Alexander I (from Robinson and Beard)

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Source: James Harvey Robinson and Charles Beard, History of Europe (Boston: Ginn & Co., 1921), pp. 406-08.

This is an excerpt from Robinson and Beard's classic history textbook of 1921.

731. Growing Importance of Russia in World History.
During the nineteenth century Russia came steadily into ever closer relations with western Europe. Although still a backward country in many respects, she was busily engaged in modernizing herself. The works of some of her writers are widely read in foreign lands, especially those of Leo Tolstoy. The music of Rubinstein and Tschaikowsky is as highly esteemed in London or New York as in Petrograd or Moscow. Even in the field of science such names as that of Mendeleeff, the chemist, and of Metchnikoff, the biologist, are well known to their fellow workers in Germany, France, England, and America. In 1917 the great social revolution in Russia roused the keen interest of the whole world. It becomes, therefore, a matter of vital interest to follow the changes which are turning the tide of modern civilization into eastern Europe.

732. Russia under Alexander I.
When, in 1815, Tsar Alexander I returned to St. Petersburg after the close of the Congress of Vienna, he could view his position and recent achievements with pride. He had participated in Napoleon's overthrow, and had succeeded in uniting the rulers of western Europe in that Holy Alliance (§ 367) which he had so much at heart. But his chief interests lay, of course, in his own vast empire. He was the undisputed and autocratic ruler of more than half of the entire continent of Europe, not to speak of the almost interminable reaches of northern Asia which lay beneath his scepter.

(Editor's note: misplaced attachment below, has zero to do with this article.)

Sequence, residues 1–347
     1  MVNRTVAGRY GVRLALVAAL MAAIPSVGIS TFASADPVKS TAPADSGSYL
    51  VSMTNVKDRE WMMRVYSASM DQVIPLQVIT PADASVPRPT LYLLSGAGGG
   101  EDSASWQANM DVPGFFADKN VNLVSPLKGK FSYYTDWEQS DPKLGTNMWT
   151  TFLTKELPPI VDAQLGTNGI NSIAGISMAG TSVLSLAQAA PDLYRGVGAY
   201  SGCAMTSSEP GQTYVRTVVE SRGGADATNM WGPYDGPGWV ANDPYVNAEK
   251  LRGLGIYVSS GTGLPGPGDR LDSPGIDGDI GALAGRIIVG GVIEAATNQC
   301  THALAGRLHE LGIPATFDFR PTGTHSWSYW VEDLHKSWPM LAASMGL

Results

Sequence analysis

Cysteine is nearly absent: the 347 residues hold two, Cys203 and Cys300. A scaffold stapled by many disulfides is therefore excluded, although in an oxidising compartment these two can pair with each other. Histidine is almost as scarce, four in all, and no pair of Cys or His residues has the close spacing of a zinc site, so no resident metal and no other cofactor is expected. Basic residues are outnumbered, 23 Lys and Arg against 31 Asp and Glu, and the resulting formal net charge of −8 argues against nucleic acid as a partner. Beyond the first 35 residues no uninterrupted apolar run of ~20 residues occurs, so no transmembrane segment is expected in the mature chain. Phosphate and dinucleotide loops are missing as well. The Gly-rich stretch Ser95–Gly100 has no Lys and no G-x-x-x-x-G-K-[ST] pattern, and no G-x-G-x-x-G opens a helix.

733. Heterogeneous Peoples under Russian Rule.
Under Alexander's dominion there were many races and peoples, differing in customs, language, and religion--Finns, Germans, Poles, Jews, Tartars, Armenians, Georgians, and Mongols. The Russians themselves, it is true, had colonized the southern plains of European Russia and had spread even into Siberia. They made up a large proportion of the population of the empire, and their language was everywhere taught in the schools and used by the officials. The people of the grand duchy of Finland, speaking Swedish and Finnish, did not like their incorporation with Russia; and the Poles, recalling the time when their kingdom far outshone the petty duchy of Moscow among the European powers, still hoped that the kingdom of Poland might form an independent nation with its own language and constitution.

In the time of Alexander I the Russians had not begun to flock to the cities, which were small and ill‑constructed compared with those of western Europe. The great mass of the population still lived in the country, and more than half of them were serfs, as ignorant and wretched as those of France or England in the twelfth century.

734. Absolutism and Liberal Ideas.
Alexander I had inherited, as "Autocrat of all the Russias," a despotic power over his subjects as absolute as that to which Louis XIV laid claim. He could make war and conclude peace at will, freely appoint or dismiss his ministers, and order the arrest, imprisonment, exile, or execution of anyone he chose, without consulting or giving an account to any living being. Even the Russian national Church was under his personal control.

During his early years Alexander entertained liberal ideas, but after his return from the Congress of Vienna he began to dismiss his liberal advisers. He became as apprehensive of revolution as his friend Metternich, and threw himself into the arms of the "Old Russian" party, which obstinately opposed the introduction of all Western ideas. The Tsar was soon denouncing liberalism as a frightful illusion which threatened the whole social order. He permitted his officials to do all they could to stamp out the ideas which he had himself formerly done so much to encourage. The censorship of the press put an end to the liberal periodicals which had sprung up, and professors in the universities were dismissed for teaching modern science. The attraction of the new ideas was, however, so strong that the Tsar could not prevent some of his more enlightened subjects from following eagerly the course of the revolutionary movements in western Europe and reading the new books dealing with scientific discoveries and questions of political and social reform.